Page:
Honey, Olives, Octopus: Adventures at the Greek Table Hardcover – 4 Aug 2015
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The title of this enjoyable book is somewhat modest in its claims as it does not hint at the breadth of knowledge and understanding of Greek culture, past and present, that Christopher Bakken brings to bear on his exploration of Greek food there is much to commend in this engaging and enthusiastic discourse on all things Greek. --Jane Stewart"Pleiades Reviews" (06/30/2015)"
From the Inside Flap
Christopher Bakken celebrates Greek food in the Greek style, sharing it with those he loves at joyous tables filled with overflowing trays of "mezedes," carafes of wine, and cloudy glasses of ouzo. But he doesn t just look at the way the food is prepared or harvestedor eatenhe also immerses himself in the process and introduces us to the friends he makes along the way. This is food writing that goes beyond the simple pleasure of eating"Honey, Olives, Octopus" illuminates something about what it means to be alive. Natalie Bakopoulos, author of "The Green Shore"
"I have never been to Greece, or at least I hadn't until I read Christopher Bakken's poetic story of food and life on its islands. The book sings with Aegean beauty: the cobalt blue water, stoic olive groves, pine sap, and chicory I'd always dreamed I would find there. It is an absolute pleasure to take the journey with him in these pages." Tamar Adler, author of "An Everlasting Meal: Cooking with Economy and Grace""
Top Customer Reviews
Eight key elements of Greek cuisine, namely olives, bread, fish, cheese, beans, wine, meat and honey are investigated, examined and reported in the book's 18 chapters, wrapped and mixed up together. This book is a journey or experience, if one pardons the travel metaphor, akin to a long, intense high-end restaurant tasting menu. It is not a quick "grab and go" snack or takeaway hamburger. To get the most out of the information you need to immerse yourself within the book, rather than quickly look up a specific ingredient or take out a recipe.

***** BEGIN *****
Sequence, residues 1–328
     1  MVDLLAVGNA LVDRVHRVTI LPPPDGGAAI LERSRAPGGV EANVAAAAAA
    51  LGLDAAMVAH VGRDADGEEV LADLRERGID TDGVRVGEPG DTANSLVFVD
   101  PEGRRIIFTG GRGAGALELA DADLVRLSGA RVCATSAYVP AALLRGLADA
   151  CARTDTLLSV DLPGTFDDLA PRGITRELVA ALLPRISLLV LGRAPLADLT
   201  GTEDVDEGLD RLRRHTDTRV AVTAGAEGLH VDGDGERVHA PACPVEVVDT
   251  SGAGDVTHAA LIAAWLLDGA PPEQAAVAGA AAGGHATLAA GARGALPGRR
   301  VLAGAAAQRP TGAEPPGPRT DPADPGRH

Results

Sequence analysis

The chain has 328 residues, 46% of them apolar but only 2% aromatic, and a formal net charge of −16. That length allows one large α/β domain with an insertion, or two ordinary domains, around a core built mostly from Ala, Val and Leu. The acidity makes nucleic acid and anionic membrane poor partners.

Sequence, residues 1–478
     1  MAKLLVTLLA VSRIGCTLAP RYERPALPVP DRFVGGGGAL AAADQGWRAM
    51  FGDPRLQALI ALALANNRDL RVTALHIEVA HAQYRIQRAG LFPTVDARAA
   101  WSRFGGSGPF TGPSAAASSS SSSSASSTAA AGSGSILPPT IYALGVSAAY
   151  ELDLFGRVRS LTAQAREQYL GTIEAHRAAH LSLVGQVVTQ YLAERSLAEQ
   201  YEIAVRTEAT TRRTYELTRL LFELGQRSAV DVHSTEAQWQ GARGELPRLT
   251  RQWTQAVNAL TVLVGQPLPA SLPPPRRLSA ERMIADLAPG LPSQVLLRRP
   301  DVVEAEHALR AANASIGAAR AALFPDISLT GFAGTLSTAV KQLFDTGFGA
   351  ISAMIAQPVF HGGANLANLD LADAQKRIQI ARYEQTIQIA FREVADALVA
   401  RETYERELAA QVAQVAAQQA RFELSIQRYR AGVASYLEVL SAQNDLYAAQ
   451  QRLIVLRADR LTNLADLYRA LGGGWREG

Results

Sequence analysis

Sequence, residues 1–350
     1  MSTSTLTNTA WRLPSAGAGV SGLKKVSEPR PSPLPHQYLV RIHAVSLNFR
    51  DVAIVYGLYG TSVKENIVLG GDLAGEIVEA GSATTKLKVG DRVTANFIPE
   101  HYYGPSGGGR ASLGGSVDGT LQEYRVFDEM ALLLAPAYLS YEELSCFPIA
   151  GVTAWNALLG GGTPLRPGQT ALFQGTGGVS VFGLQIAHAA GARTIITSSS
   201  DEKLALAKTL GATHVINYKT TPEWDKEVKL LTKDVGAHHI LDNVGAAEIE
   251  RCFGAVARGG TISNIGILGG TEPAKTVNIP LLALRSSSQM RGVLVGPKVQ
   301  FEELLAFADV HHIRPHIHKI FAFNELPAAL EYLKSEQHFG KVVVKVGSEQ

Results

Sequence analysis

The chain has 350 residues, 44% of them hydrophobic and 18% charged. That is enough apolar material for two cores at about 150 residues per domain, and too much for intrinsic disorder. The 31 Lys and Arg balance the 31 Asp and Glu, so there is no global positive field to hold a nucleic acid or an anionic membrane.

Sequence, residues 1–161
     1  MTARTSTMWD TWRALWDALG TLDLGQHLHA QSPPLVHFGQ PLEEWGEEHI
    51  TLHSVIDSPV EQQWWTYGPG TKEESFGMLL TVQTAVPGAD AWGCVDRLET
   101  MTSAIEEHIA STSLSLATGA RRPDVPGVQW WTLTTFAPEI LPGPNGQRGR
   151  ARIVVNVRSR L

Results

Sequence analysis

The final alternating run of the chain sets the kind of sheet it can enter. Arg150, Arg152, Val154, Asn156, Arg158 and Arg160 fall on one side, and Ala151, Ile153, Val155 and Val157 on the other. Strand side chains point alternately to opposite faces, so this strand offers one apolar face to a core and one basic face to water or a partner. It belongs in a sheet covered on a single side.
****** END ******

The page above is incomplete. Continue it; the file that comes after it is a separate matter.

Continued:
That said, there are a few recipes within the book, but they are more for example rather than being a collection of recipes with a bit of writing tacked on at the side. Books of this nature are horrendously difficult to review because it relies so much on the perceived requirements, interests and prejudices of the reader. You may either love it, hate it or remain stony-faced neutral. Personally this reviewer prefers books of this kind to be more on the factual side of things than prosaic, novel-like. More of a travel guide with cold hard facts than an illuminated travelogue. However, the book manages to be engaging, charming and interesting without being burdened down by the author's character taking over. The author, whilst central to the story, remains still in the shadows and the subject is allowed to shine.
This book won't be for everyone. This is a book you need to focus on as it is mostly textual in nature.Read more ›
Most Helpful Customer Reviews on Amazon.com (beta)
Writers are urged to name the world. You saw a flower. Readers will be more interested if you name the flower. Christopher Bakken too immerses himself in Greek food to the extent that he travels enough to know the cross pollination of food terms between Italians and Greeks. He goes for not just olives but Throumbes.
If you have been to The Old Sphagetti Factory restaurant, then you will know Mizithra cheese which is a star in this book next only to Tsipouro.
With the recipes after each chapter, the author also explains the meaning of the name of the recipe and other related recipes. By switching that different ingredient with one recipe, you can make couple of different dishes.
Using local words, the author captures the place in the book. Dont be surprised at the end of your reading to find yourself with a smattering of Greek food terms.
In the Chapter about making Cherisia Makaronia, I read the procedure again to visualise how it is made and one of these days will try it myself.
Mountain tea, Thyme honey.